This MG5550 MFD offers print, scan and copy facilities, and follows very much in Canon's stylish Pixma range, with its curved edges and low 148mm design cutting an attractive figure. Not quite so pleasing is the long output tray that stretches out rather further than we'd ideally like. The control system is simplistic, and these Pixmas have yet to fully embrace touch sensitivity.
Instead, you navigate using three select buttons placed underneath the relevant on-screen options, with the occasional need to move across to a separate directional pad. It's the need to alternate between the central three-button system and the directional pad that can make negotiating the MG5550's many options a little less intuitive than it ought to be. The system works reasonably well for the most part, but we do think Canon could do away with some of the buttons for a better experience overall. The 2.5in screen is adequate, if hardly the largest we've seen.
Connectivity options are generally very good. There's no support for memory cards, but the Canon works smoothly with tablets and smartphones, and can be hooked up to the cloud using services like DropBox Flickr and Evernote. The MG5550 isn't aimed at businesses, so you don't get ethernet facilities. However, wireless 802.11b/g/n support is fully implemented.
At first glance, the printing performance may not seem that impressive. These days, 11.8 pages per minute isn't amazing, even for an inkjet. However, what's rather more impressive is that once you leave behind the fastest mode, and switch to the middle settings, the Pixma keeps up a figure of 11.1ppm. What's more, the output is wonderfully sharp, using the 4800x1200dpi resolution to produce text that (in inkjet terms) is immaculately defined, and magnificently sharp.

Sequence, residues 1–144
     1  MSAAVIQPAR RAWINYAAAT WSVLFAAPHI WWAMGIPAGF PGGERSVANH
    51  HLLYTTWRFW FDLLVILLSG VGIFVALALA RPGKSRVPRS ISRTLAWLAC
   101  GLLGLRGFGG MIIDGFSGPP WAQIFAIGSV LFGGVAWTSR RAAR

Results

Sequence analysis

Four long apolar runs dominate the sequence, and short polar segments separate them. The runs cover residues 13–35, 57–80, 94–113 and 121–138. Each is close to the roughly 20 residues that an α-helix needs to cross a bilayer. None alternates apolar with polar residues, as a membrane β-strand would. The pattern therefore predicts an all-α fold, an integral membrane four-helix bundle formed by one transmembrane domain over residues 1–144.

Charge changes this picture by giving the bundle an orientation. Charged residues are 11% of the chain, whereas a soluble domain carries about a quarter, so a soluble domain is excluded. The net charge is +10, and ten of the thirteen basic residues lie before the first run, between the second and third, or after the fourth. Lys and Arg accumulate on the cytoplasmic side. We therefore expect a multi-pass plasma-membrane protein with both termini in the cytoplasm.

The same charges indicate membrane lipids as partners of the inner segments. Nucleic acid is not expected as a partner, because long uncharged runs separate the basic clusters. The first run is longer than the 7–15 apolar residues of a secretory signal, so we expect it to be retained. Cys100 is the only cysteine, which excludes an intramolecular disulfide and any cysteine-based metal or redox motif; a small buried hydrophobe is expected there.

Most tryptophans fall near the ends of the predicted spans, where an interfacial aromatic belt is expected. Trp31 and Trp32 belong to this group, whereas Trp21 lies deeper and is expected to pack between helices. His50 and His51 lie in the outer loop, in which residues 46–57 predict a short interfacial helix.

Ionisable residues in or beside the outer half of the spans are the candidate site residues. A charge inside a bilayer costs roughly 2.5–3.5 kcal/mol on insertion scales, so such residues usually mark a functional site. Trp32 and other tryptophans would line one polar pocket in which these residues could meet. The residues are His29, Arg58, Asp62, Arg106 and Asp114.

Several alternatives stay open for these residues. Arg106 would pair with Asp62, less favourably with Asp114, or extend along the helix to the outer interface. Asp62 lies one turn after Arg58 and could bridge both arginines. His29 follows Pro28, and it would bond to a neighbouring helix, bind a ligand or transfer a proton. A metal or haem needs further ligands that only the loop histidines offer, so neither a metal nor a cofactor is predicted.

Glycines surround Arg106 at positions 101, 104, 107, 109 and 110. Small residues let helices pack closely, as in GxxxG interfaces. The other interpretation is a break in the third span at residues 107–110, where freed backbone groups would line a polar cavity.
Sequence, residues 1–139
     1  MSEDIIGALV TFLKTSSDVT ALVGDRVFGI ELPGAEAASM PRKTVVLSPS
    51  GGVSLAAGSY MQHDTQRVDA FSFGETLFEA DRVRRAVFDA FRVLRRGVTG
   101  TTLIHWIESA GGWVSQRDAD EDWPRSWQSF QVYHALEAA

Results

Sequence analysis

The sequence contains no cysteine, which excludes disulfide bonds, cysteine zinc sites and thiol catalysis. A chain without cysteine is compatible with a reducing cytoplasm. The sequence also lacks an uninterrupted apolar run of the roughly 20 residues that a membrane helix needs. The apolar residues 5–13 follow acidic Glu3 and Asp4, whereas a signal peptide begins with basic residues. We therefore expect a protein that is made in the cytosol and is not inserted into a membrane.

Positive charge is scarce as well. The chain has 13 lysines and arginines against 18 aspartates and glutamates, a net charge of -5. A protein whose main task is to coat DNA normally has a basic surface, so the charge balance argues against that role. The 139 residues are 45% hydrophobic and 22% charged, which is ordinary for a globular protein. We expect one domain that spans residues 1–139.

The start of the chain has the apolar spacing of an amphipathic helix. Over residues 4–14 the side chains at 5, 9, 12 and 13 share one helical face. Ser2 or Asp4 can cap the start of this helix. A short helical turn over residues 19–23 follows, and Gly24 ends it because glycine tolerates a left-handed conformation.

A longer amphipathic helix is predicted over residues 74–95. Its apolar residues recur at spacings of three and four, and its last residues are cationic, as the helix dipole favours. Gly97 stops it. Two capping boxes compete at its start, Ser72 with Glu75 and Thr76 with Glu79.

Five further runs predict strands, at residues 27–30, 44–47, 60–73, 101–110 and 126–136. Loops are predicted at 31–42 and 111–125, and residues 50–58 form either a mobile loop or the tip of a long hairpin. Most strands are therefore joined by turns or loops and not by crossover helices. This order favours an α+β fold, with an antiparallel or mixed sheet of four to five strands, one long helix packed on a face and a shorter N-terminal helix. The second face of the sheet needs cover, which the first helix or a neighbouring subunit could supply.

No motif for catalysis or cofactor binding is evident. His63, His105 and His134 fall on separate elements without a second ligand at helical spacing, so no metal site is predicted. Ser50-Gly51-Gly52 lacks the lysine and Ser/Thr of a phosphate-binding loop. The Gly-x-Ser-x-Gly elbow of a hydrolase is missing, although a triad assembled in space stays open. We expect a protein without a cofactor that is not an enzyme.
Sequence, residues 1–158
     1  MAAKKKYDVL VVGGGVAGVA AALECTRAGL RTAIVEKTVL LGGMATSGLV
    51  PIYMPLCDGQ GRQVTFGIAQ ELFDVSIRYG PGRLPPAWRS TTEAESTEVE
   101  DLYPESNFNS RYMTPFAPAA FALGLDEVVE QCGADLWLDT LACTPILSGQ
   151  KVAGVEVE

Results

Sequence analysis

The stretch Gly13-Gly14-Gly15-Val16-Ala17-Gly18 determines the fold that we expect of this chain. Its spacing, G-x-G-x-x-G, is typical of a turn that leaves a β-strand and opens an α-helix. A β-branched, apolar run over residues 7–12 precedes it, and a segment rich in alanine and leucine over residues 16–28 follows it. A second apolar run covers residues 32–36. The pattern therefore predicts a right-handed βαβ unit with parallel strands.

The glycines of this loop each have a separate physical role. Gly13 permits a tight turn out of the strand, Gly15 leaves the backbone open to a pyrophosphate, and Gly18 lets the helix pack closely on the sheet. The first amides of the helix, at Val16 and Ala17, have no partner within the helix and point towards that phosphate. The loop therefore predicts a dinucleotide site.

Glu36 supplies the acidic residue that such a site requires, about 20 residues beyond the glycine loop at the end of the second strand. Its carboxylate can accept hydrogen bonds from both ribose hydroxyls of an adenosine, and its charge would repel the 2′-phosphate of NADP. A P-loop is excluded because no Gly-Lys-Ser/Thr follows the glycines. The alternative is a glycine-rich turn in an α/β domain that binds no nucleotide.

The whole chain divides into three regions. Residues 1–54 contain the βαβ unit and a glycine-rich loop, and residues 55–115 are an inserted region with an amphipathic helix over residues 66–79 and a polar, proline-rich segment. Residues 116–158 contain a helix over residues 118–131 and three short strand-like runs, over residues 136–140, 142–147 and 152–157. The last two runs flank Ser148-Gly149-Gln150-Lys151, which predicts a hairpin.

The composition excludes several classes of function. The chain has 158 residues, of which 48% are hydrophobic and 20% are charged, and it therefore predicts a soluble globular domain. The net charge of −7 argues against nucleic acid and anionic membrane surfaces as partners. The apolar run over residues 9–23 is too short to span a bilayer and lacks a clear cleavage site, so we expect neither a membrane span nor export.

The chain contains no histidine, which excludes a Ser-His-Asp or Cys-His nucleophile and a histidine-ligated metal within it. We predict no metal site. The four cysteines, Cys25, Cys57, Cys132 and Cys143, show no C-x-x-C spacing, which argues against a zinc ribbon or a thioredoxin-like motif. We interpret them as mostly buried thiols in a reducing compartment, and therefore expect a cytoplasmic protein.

Canon's colour printing has long been considered the best overall, and it gives more hints here, with its medium 3.6ppm mode producing a particularly exciting mix of clarity and depth. We could see no defects in the finished prints, and even skin tones were wonderfully captured. The MFD can also handle auto-duplexing. Admittedly, it's not the fastest here, and the 53.4% fall in performance will likely see it consigned to occasional use, if that. For printing overall, though, the MG5550 is excellent at the price.
Scanning is fairly solid too. The highly adaptable lid can take a good variety of source material, and we were able to scan A4 images in 11 seconds, 15 seconds, and 46 seconds, at 150dpi, 300dpi and 600dpi respectively. These aren't fantastic times, but they're adequate. More to the point, the scans are well rendered, with lines captured perfectly, and the colour replicated with good fidelity.
The Canon adds to the overall package with a strong selection of inks. You have to use five in all. Three are colour tanks, but two different types of black tank are used. It's partly this variation that allows the MFD to achieve such impeccable black text and shading. The standard black tank has a very high 5565-page yield in its XL form. For print costs, though, we've stuck more with the still very pleasing 2.4p per page that the pigment black tank will cost you. Colour, at 4.8p a page, is very much in line with other printers.
The MG5550 isn't perhaps the best featured or best designed MFD we've seen. However, once you strip away the rarely-used fastest mode, the Pixma offers excellent speed and quality. As performance goes, this is the #1 sub-£100 model on the market. As such, it's perilously close to a gold award.